The Stream, October 7, 2021: Global Water Stress Will Rise, WMO Report Finds


  • South Australia is keeping coronavirus cases low through a robust wastewater monitoring system.
  • A Louisiana hospital may not reopen for another year due to damages from Hurricane Ida.
  • A new report from the World Meteorological Organization found that found that billions of people will go without adequate access to water for at least a month each year by 2050.
  • A new report finds tidal marshes in New Jersey are not elevating fast enough to keep up with rising sea levels.

Pennsylvania will charge an energy company with four dozen environmental crimes committed during the construction of a natural gas pipeline.

“There is a duty to protect our air and water, and when companies harm these vital resources through negligence — it is a crime.” – Pennsylvania Attorney General Josh Shapiro. Reuters reports that Pennsylvania’s attorney general has charged Energy Transfer LP with 48 counts of environmental crimes committed during construction of the Mariner East 2 natural gas liquids pipeline. The pipeline project has been stopped by state and local officials numerous times, mostly due to sinkholes that developed near the pipeline or spills of drilling fluids used to bore under waterways. The Attorney General’s office said Energy Transfer is guilty of repeatedly spilling thousands of gallons of drilling fluid, which contained unapproved additives at multiple locations that affected drinking water in wells.


In Case You Missed It:

Water Groups Lauded A Side Agreement at the Paris Climate Conference. Then It Languished. – The fate of the Paris Pact reveals the difficulties in incorporating water into global climate agreements.

HotSpots H2O: Years-Long Drought Pushes Brazil to the Brink – The country’s worst drought in nearly a century is choking commerce, threatening ecosystems, and diminishing hydroelectric power generation.

South Australia Isolates Covid Cases Before They Spread, Thanks To Wastewater Monitoring System

South Australia has been able to keep COVID-19 case numbers relatively low by quickly containing clusters when they emerge, mostly due to a robust sewage monitoring system. ABC News report that by testing wastewater for viral RNA, local health officials were able to contain cases before they spread. SA Water, the first Australian water utility to deploy the technique, has also helped detect coronavirus cases in wastewater from Tasmania, New South Wales and the Northern Territory.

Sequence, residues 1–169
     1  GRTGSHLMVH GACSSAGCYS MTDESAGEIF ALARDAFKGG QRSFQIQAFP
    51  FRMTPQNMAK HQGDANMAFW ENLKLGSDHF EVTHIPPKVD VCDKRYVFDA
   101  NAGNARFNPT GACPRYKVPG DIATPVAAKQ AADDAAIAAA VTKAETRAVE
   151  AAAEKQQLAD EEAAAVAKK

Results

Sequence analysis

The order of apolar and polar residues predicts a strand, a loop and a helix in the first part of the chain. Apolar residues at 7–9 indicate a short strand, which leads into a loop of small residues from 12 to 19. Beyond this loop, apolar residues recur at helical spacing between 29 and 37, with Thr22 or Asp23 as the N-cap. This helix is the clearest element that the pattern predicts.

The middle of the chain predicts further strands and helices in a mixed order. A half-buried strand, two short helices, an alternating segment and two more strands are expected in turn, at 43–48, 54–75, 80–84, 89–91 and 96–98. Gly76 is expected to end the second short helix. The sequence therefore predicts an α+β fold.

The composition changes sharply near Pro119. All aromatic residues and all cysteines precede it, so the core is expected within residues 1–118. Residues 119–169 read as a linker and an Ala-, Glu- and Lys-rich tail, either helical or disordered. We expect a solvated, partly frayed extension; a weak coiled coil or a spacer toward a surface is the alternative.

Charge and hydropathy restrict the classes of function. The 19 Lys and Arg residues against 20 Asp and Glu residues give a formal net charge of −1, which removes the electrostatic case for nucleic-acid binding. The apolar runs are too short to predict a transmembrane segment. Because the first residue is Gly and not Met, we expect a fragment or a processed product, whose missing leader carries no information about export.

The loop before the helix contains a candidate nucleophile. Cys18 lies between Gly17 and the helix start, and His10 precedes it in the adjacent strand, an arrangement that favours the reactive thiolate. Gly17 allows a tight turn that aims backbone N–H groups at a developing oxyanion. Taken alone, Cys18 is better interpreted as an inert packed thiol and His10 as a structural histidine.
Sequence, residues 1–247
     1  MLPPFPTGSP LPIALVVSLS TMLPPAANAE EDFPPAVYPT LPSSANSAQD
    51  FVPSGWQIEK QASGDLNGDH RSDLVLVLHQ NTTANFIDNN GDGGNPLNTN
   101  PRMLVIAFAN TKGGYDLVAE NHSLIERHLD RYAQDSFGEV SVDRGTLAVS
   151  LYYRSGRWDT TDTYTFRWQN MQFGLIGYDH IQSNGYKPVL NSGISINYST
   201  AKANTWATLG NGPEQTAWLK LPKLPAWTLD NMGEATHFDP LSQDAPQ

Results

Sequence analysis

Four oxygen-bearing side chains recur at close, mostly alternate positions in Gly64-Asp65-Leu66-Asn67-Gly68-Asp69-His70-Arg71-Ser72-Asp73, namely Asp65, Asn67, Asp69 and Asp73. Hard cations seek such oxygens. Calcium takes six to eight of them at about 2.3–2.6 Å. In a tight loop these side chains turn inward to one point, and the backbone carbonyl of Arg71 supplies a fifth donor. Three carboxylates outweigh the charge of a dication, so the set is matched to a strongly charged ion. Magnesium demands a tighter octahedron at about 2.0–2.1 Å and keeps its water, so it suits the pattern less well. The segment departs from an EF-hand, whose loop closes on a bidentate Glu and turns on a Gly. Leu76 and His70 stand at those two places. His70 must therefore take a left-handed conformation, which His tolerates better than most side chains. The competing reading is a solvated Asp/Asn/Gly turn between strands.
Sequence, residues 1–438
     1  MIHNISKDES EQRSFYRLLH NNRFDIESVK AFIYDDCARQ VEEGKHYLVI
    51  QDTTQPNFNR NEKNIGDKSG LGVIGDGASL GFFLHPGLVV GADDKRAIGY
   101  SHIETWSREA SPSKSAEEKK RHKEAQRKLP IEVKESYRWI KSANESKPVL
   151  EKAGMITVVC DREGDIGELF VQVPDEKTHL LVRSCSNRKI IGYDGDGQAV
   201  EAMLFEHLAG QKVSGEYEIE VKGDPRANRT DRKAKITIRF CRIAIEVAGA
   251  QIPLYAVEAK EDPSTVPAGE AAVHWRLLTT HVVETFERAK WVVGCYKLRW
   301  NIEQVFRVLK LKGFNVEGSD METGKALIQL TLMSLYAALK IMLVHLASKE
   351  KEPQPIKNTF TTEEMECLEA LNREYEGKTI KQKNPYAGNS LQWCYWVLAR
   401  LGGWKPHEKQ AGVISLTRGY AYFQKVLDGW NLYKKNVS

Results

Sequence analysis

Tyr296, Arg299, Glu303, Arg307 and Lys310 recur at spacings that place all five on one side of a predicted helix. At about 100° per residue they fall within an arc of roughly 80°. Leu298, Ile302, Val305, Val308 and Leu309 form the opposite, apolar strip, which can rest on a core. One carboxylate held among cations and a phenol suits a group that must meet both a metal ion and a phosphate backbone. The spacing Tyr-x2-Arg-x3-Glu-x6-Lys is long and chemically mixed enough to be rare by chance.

The CEO of Lady of the Sea General Hospital in Louisiana told WWNO that after sustaining significant damage during Hurricane Ida, the hospital may not be able to reopen for six to 12 months. The next closest hospital is 30 miles away, CEO Karen Collins said. Between transferring existing patients to a new hospital and their inability to accept new patients, the storm has put a strain on the local healthcare system.


A new report from World Meteorological Organization, more than five billion people will have inadequate access to water at least one month per year by 2050. The report, titled The State of Climate Services 2021: Water, said that overall, the world is not on track to meet the UN Sustainable Development Goal No. 6, which ensures access to clean water, safe sanitation, and hygiene by 2030.

  • Why it matters: In interviews with Circle of Blue, many WASH thought leaders said that meeting all the 2030 goals were unlikely. But they also were convinced that universal WASH for water and hygiene was within reach, perhaps by 2030, and for sanitation by 2040. Read more about Circle of Blue’s first exploration of the global community that aims to end water and sanitation deficits around the world here.


A new study in the journal Anthropocene Coasts found that New Jersey’s tidal marshes may disappear completely by next century. Tidal marshes, places where oceans meet land and become vulnerable to sea level rise, are vital habitats for land and aquatic organisms, and provide a natural buffer against storm surges, winds and flooding. The research found that most marshes in New Jersey are not increasing their elevation fast enough to keep up with rising sea levels. The study included recommendations on how to mitigate the loss of the marshes, including removing fewer invasive reeds and adding new sediments on top of slowly elevating marshes.

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